“We are serious about changing the industry,” continues Scott. “One goal of CCW is to shift America’s perspective on motor size and efficiency. A 1000cc motor for an around town bike is wasteful and difficult to handle. We develop lighter bikes with smaller motors because they are easy to handle and extremely fun on a daily basis. Open up one of our bikes on a back road and the experience is exhilarating, taking one back to a time when bikes felt faster because they were more connected with the rider and the road. Riding is about the experience, not about how much you spent on your machine. We have millions invested in new product development and will have 5 models in production by the end of 2011”

Cleveland CycleWerks

  • R.Sallee

    Looks hot. I’d give it a shot if it had power to match the Ninja and WR-X.

  • lloydvintage

    Sounds just like my TU250 Suzuki. Which is a good thing. I hope there will be more like it.

    • Wes Siler

      Yeah, it’s sort of like a less dorky, slightly larger TU that’s both lighter and less expensive.

  • Turf

    Hell yes, I really hope this small cc low cost is finally catching on here in the states.

  • Roman

    Interesting concept. Reminds me a little of the Vento 400 cafe, which to be honest, sounded alot more enticing:

    • Wes Siler

      Well, the difference is that the Misfit is actually happening and it sounds like Cleveland has the investment and will to stick around for the long haul. We’ll bring you more on the company and their future plans in the next week or so.

      • Roman

        I see your point, and I’m the last person to criticize people who are out there making things happen. It’s just I wish the performance gulf between the “big bikes” and the start-ups trying something different wasn’t so huge. Something with 40-50 hp and nice styling at around $5k would hit the mark (imo). Best of luck to these guys though, always good to have more options.

        • Devin

          40-50hp would put them up against the Kawasaki 400 & 500, as well as the Suzuki GS500.

          While I agree with you that more choice in that bracket would be good, hitting an open niche with lower competition may be the best route for a start-up.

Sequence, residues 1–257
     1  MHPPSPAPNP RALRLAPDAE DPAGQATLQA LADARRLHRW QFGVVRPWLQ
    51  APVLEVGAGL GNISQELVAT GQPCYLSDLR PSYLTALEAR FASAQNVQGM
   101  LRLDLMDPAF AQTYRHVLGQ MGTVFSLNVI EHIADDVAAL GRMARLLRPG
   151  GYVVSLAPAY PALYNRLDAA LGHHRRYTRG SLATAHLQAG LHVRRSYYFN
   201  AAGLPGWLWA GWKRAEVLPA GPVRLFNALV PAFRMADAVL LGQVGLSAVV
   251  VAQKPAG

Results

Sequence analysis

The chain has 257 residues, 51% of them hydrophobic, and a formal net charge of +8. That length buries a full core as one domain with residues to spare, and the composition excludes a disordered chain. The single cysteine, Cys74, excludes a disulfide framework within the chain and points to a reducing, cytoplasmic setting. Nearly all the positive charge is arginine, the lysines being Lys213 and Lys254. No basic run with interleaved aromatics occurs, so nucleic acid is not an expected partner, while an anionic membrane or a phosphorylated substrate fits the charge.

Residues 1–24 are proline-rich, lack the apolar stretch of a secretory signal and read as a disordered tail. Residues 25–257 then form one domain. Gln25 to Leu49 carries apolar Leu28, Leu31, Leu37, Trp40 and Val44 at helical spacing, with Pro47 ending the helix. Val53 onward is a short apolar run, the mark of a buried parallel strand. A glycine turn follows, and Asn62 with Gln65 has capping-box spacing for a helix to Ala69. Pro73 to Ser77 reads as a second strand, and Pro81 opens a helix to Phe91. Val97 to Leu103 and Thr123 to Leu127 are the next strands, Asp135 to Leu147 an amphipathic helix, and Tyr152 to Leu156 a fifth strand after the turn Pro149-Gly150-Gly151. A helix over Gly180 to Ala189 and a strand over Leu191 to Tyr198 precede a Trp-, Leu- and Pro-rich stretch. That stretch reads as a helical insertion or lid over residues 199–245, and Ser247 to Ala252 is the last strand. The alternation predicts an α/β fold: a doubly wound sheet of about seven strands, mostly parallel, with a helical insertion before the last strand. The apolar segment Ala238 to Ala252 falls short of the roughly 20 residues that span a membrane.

• Mark D

    Line that up next to the $25,000 Norton, and 99% of people wouldn’t be able to tell the difference. 99.99% of hot girls certainly wouldn’t be able to tell the difference. Well done!

    • Emmet

      So true! But if I rode to get laid, I’d paint flames and throw Harley Davidson stickers on the tank of an EX250 and tell the ladies sweet nothings about freedom and the open road. Maybe I should get on that.

      • Ducky

        You’re likely to attract slightly wide, middle aged ladies in that case

        • Patrick


  • ErikT

    I’d really like to see one in person. Some of the photos make it look like a great idea…others are not so flattering. The same goes for the TU250 as well.

  • Case

    An inexpensive bike that is cool, fun, reliable and robust? I love this thing. With a 75 MPH top speed it’s definitely more city than freeway, but most new riders don’t go on the freeway, at least at first. Looking forward to seeing it in person.

    • Devin

      Is it inexpensive? The insurance cost may be what sinks this bike. Seems every non-major brand of motorcycle gets hit with some ridiculous premium. Hopefully this little guy gets treated properly.

  • Peter

    What motor are they using? Is it a Honda clone of some sort? I’m really interested in this if it’s more than just a Kikker on roids.

  • BN.

    Brilliant. I would consider making it summer transportation if it’s as good as it sounds.

    • robotribe

      Right there with you. I won’t be the first to jump in, but if positive word comes back from those who do take the initial plunge, this is easily my next bike, especially at that price point.

  • paul

    very Nice I’m sure they’ll find a lot of new riders looking for something a bit different, That tanks almost exactly the same as a GB500 (which is not a bad thing) nice proportions all round.